Department News

Professor Joseph Williams' interview on Christian Nationalism has become a go-to source for journalists

This report is adapted from an email by John E. Chadwick who is a senior communications writer at SAS.

In March 2021, Joseph Williams, a professor of religion, was interviewed by the SAS Communications & Marketing about Christian nationalism in the wake of January 6. The interview was published on SAS website in March 2021.

Some 18 months after the Q&A  was published on the SAS website, Williams' responses in the interview continue to make it into news stories as direct quotes on a regular basis. In fact, the Q&A has become a go-to source for journalists, everywhere from USA Today to Newsweek. 

The following are a few examples as well as the original piece.  (The USA Today piece has a subscription wall.)

Original StoryChristian Nationalism Explained: An Interview with Rutgers Professor Joseph Williams  (SAS Homepage March 4, 2021)

Marjorie Taylor Greene, other conservatives lean into Christian nationalism. What is it?  (USA Today, Aug. 9, 2022)  

Trump Ally Defends Christian Nationalism as 'Good and Healthy'  (Newsweek, July 27, 2022)

‘No apology’ for cross shape for rebuilt Jersey Shore pier, religious group says  (Star Ledger, Aug. 28, 2022)

Majority of Republicans want US declared a Christian nation   (News Radio 1080, Sept. 21, Audacy, 2nd largest radio company in U.S.) 

Christian Nationalism Explained: An Interview with Rutgers Professor Joseph Williams

From Rutgers Today:

The January 6 attack on the U.S. Capitol drew attention to a number of extremist movements including the Proud Boys, the Oath Keepers and followers of the QAnon conspiracy theory. The throngs of attackers also included Christian nationalists, whose ranks may overlap with the groups above but who also constitute a movement that has been growing for decades. Joseph Williams, a professor in the Department of Religion, studies American religious history, including the relationship between religion and politics. Christian nationalism is among the topics he covers in "Religions Now: 21st Century Controversies," the SAS Signature Course he teaches with Professor Tia Kolbaba. You can watch Kolbaba's recent Scarlet Speakers talk on these issues here.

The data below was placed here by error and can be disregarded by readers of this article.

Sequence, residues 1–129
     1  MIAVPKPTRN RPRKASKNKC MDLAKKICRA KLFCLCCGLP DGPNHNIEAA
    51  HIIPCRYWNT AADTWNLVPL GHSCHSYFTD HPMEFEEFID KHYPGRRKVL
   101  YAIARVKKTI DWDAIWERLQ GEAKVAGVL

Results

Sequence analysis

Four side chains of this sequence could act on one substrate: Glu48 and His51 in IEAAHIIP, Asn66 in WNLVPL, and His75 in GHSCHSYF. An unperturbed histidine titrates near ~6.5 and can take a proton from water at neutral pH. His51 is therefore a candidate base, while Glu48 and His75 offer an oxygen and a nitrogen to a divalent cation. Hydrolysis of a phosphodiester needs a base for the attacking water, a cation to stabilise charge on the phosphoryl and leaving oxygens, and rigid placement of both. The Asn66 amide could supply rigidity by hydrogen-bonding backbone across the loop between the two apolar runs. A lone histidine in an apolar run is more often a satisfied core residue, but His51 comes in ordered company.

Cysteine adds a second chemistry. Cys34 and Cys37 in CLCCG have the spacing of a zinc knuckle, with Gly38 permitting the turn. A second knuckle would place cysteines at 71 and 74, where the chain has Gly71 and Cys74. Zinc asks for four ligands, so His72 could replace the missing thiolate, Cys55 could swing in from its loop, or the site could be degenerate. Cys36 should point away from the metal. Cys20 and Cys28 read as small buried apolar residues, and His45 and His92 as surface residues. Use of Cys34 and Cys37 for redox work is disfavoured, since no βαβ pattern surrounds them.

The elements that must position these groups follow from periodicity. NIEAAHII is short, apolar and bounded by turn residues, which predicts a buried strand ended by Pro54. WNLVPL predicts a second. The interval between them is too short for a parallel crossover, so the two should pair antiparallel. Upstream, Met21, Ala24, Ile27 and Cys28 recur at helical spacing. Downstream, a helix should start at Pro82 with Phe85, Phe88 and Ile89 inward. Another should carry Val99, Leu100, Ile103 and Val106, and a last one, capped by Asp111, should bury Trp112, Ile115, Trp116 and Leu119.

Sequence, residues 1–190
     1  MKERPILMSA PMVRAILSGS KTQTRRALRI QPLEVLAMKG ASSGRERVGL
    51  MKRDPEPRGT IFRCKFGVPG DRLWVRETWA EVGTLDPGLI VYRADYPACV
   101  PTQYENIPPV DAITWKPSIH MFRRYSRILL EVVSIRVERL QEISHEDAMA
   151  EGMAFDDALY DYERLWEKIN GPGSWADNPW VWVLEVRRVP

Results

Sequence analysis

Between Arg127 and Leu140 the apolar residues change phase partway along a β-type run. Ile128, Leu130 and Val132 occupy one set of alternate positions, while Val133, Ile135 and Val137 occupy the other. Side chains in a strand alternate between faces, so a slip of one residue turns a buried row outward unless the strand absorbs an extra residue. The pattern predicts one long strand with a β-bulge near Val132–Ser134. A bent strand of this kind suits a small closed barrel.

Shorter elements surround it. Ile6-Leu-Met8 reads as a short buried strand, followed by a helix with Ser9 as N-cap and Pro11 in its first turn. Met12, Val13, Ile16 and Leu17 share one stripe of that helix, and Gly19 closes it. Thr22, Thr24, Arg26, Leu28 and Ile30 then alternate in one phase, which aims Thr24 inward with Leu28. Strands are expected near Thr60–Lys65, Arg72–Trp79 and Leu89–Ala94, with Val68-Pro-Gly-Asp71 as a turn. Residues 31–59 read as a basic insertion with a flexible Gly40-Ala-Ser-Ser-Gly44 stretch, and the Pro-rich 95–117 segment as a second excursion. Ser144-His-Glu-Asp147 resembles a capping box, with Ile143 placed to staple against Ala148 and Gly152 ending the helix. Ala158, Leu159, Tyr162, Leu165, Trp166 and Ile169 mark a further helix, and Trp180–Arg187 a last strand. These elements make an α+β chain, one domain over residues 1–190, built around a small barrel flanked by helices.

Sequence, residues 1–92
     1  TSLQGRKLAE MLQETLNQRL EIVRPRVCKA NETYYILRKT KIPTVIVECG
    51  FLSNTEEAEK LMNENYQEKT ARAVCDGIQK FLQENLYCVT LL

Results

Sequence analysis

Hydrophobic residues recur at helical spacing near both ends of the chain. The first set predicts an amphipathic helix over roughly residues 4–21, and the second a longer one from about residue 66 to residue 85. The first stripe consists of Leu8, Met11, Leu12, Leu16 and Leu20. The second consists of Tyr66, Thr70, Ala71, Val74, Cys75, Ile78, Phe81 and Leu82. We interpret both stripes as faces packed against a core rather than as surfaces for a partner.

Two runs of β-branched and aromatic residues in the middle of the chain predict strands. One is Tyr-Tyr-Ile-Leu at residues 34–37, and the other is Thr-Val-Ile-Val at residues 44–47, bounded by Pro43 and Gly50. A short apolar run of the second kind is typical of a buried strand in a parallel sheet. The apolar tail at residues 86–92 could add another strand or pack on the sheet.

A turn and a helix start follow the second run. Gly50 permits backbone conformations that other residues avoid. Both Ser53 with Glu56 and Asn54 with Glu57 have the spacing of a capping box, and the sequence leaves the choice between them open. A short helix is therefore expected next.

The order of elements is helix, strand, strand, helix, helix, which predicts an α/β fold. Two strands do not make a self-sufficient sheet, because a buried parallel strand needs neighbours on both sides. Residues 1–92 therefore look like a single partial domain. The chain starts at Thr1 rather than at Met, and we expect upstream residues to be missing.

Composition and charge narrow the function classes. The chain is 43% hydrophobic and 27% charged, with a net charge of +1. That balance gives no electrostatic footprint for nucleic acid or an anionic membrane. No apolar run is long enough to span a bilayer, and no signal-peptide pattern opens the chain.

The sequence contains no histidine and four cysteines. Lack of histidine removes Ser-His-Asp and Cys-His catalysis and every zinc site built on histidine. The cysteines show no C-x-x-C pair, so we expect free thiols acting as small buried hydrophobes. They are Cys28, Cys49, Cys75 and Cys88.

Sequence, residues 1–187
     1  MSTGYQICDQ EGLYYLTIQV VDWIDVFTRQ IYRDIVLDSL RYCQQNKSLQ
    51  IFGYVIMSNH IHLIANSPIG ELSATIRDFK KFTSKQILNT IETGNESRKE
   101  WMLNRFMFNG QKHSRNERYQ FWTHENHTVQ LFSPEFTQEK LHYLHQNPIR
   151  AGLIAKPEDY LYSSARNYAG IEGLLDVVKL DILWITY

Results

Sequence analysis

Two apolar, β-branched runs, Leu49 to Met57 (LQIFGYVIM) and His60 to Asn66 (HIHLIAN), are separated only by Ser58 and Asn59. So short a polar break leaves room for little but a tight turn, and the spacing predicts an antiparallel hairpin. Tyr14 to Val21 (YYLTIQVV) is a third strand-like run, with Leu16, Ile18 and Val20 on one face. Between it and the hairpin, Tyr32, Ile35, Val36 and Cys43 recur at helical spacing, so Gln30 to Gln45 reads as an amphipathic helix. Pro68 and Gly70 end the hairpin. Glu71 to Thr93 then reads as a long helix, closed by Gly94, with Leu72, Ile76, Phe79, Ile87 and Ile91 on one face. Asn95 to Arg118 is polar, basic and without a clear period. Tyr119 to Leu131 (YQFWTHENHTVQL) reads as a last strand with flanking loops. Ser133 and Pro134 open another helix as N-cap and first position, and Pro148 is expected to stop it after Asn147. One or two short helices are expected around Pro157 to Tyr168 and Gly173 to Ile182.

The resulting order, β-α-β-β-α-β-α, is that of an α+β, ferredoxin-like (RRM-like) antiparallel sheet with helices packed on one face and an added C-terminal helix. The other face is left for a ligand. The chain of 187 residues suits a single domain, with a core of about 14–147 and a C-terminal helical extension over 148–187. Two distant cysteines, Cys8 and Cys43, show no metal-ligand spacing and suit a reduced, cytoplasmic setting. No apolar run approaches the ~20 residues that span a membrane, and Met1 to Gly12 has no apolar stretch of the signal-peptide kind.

Here's the link to the full interview with Joseph Williams.


Religion Department invites applications for Visiting Research Associate

Department of Religion at Rutgers University, New Brunswick, invites applications for Visiting Research Associate. These positions do not come with financial compensation, but Visiting Research Associates will receive full library access and institutional affiliation for the duration of the appointment. Visiting Research Associates are expected to participate in the life of the department by attending departmental talks (remotely or in-person) and sharing their research through presentations and/or informal conversations. We also ask that the department and the university be acknowledged in any publications that result from the period of affiliation.

Read more: Religion Department invites applications for Visiting Research Associate



This course introduces students to the academic study of religion by focusing on four major areas of inquiry: myth; religious authority; purity and sacred space; and ritual practices. We will draw on diverse source material, including Indian, Muslim, Greek, Chinese, and Christian traditions but maintain a focus on the appropriation and re-interpretation of these traditions in the modern, secular west. Sub-topics will include popular notions of “cults,” magic, and illegitimate religion; race, ethnicity, and gender; religious fundamentalism and violence; and debates about religion and science in the 20th and 21st centuries. Another goal will be to familiarize students with major theories of religion, including the work of E. B. Tylor, Sigmund Freud, Karl Marx, Émile Durkheim, Clifford Geertz, and Bruce Lincoln as well as contemporary Cognitive Science research


Instructor: Dr. Erik Dreff 

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Religion and the Arts
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A window into the world of religion through the arts.

This course will survey the ways the arts are used in religion and religion is used in the arts, with a focus on visual arts, music, dance, and drama.